Michelle Gravenish was the head judge and Steve Childers was assisting. You receive a lot of constructive criticism with the intent to help you do well as a judge. Koi appreciation focuses more on finding the positive attributes of koi and determining which koi presents better. Do we find faults? Of course we do – but we try to emphasize the positive characteristics. Koi keeping is a tough and expensive hobby. Keeping your koi healthy takes proper equipment, daily observation and also some luck. The most unfortunate things can happen like your equipment fails, the water drains, a new koi brings in a parasite that wipes out the rest, a koi chooses to just jump out of the pond and flop around to their death, herons, raccoons – the list of bad possibilities is endless.
Speaking of bad possibilities, at the San Antonio koi show, Michelle and I were admiring all the water lilies. Right after we took a selfie, Michelle says “ooooo, I think I hurt my foot.” She’s hobbling around and we get some ice for her. The pain is so bad that we end up wheeling her around in a rolling desk chair during judging. This is necessary because in the judging process you end up walking back and forth between tanks for hours. Now if I was in that much pain, I think I would have considered going to UrgentCare after judging concluded. Michelle just had me drive her to the local CVS and picks up a compression brace and cane. Michelle was able to hobble around better on Sunday and completed the judges tank walk.
I guess the lesson here is – the show must go on. Michelle did go to the doctor back in Minnesota on Monday afternoon. Fracture of the fifth metatarsal, in a boot for six weeks.
So much of the last few weeks has been focused on judging shows and studying for the certification test. The pond builder and I have also put our house in Minnesota up for sale and we’re heading to closing next month. We sold the home with the large 12,000 gallon pond in place. The buyers have never kept koi but are willing to give it a try. I’m not sure if they realize they are getting a lot of higher end equipment to include a rotary drum filter, moving bed filter, pumps and more. I hope they join the koi club and get into the hobby. I’ll have to leave them a note that if they decide to fill in the pond – they should definitely put the equipment up for sale.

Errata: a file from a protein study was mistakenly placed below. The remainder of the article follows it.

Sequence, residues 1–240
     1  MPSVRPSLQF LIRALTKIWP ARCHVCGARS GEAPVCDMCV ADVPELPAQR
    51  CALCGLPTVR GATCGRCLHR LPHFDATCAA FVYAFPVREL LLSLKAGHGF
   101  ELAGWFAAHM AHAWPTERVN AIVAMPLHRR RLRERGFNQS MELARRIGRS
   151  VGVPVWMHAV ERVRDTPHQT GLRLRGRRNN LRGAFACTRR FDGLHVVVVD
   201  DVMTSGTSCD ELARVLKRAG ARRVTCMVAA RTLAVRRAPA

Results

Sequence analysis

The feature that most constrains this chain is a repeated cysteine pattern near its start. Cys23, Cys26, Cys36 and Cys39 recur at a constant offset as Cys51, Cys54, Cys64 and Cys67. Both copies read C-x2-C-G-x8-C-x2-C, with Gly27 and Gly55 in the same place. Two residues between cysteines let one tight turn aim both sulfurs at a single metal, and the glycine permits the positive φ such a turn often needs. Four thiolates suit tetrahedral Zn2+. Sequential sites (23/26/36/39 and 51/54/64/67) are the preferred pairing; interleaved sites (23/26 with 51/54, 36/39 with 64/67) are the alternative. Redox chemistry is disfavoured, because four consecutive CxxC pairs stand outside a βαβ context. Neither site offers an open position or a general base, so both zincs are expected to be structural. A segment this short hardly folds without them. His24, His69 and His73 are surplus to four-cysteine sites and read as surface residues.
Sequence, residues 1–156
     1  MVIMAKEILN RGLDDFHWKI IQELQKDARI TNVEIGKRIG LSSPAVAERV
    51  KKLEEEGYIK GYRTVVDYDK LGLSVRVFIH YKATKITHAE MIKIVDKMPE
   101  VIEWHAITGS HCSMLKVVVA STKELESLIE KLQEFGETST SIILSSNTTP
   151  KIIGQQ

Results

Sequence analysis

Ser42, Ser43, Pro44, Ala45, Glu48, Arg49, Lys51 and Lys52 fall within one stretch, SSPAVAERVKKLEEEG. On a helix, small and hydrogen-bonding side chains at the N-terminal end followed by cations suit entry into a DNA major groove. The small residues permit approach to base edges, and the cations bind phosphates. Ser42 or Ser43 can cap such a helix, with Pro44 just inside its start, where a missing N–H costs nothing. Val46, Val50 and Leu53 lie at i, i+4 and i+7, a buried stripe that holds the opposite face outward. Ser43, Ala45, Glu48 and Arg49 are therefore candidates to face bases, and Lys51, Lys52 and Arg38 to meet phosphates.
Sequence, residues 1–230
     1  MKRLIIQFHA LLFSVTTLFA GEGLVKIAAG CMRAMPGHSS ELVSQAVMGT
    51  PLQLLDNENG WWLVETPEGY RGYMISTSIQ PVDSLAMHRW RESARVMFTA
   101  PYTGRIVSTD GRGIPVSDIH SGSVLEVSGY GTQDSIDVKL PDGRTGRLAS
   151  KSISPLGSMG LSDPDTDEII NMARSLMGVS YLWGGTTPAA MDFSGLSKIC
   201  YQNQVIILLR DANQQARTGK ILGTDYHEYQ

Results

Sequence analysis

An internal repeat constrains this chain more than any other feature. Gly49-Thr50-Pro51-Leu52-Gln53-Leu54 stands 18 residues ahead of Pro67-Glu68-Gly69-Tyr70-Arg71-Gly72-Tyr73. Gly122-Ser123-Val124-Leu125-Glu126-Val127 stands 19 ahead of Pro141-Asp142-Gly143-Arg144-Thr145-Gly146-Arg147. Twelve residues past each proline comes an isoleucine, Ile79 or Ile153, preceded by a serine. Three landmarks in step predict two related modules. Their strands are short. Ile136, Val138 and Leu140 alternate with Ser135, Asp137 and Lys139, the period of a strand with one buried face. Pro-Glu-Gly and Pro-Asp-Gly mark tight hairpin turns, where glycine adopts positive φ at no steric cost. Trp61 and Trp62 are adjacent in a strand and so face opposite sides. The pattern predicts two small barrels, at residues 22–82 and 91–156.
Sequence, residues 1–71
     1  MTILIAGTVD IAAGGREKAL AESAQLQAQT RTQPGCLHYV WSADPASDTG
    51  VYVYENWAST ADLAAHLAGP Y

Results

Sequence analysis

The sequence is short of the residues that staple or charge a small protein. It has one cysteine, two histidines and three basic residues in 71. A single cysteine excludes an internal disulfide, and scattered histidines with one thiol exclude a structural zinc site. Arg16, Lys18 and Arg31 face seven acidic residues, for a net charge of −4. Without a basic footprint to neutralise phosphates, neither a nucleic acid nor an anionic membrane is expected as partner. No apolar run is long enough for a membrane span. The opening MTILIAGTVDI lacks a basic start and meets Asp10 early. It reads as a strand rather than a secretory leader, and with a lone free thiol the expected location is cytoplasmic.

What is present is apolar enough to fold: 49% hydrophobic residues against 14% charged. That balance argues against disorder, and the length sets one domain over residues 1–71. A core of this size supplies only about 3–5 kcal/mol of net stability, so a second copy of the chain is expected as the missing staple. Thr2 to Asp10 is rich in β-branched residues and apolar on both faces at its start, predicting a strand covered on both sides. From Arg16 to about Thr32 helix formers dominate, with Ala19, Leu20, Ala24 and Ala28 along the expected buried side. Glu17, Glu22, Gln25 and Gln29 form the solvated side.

We haven’t made much progress on our own pond because the black walnut trees are still there. Small annoyances like “work” limit our time outdoors. We think that maybe this weekend we might get at least one taken down.
The reason these trees need to go is that they’re very messy, certain plants do not grow under them and the leaves and hulls can be poisonous to fish. Black walnuts produce something called juglone which is a problem chemical. The squirrels create piles of black walnut shells on any flat surface. I need to ensure that they are not eating black walnuts on the pond edge, creating messy piles of juglone laced walnut parts that could fall into the water. I’ll probably make a little table under the walnut trees across the road to encourage them to eat somewhere away from the future koi pond.
While we wait on black walnut tree removal, we’re also putting up a greenhouse. This is taking me days because the pieces are poorly marked and there are a lot of pieces missing. The company is good about sending replacement parts but I’m still waiting for some critical pieces before I can move forward. I have my structure supported with some flimsy sticks in the hopes that it won’t fall apart with the wind. Maybe on my next post I’ll have a completed greenhouse to share with you.
Winter has pretty much shown up on the farm and the koi pool temperature is around 58 degrees now. Everyone is still eating, no one looks ill – just waiting for a bigger pond…